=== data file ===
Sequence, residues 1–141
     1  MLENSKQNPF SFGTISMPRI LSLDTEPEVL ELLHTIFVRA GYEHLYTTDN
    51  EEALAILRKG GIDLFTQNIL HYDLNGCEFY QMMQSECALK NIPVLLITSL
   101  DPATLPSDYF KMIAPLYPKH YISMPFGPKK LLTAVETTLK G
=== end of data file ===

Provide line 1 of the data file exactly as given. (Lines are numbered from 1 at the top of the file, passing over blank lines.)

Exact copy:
Sequence, residues 1–141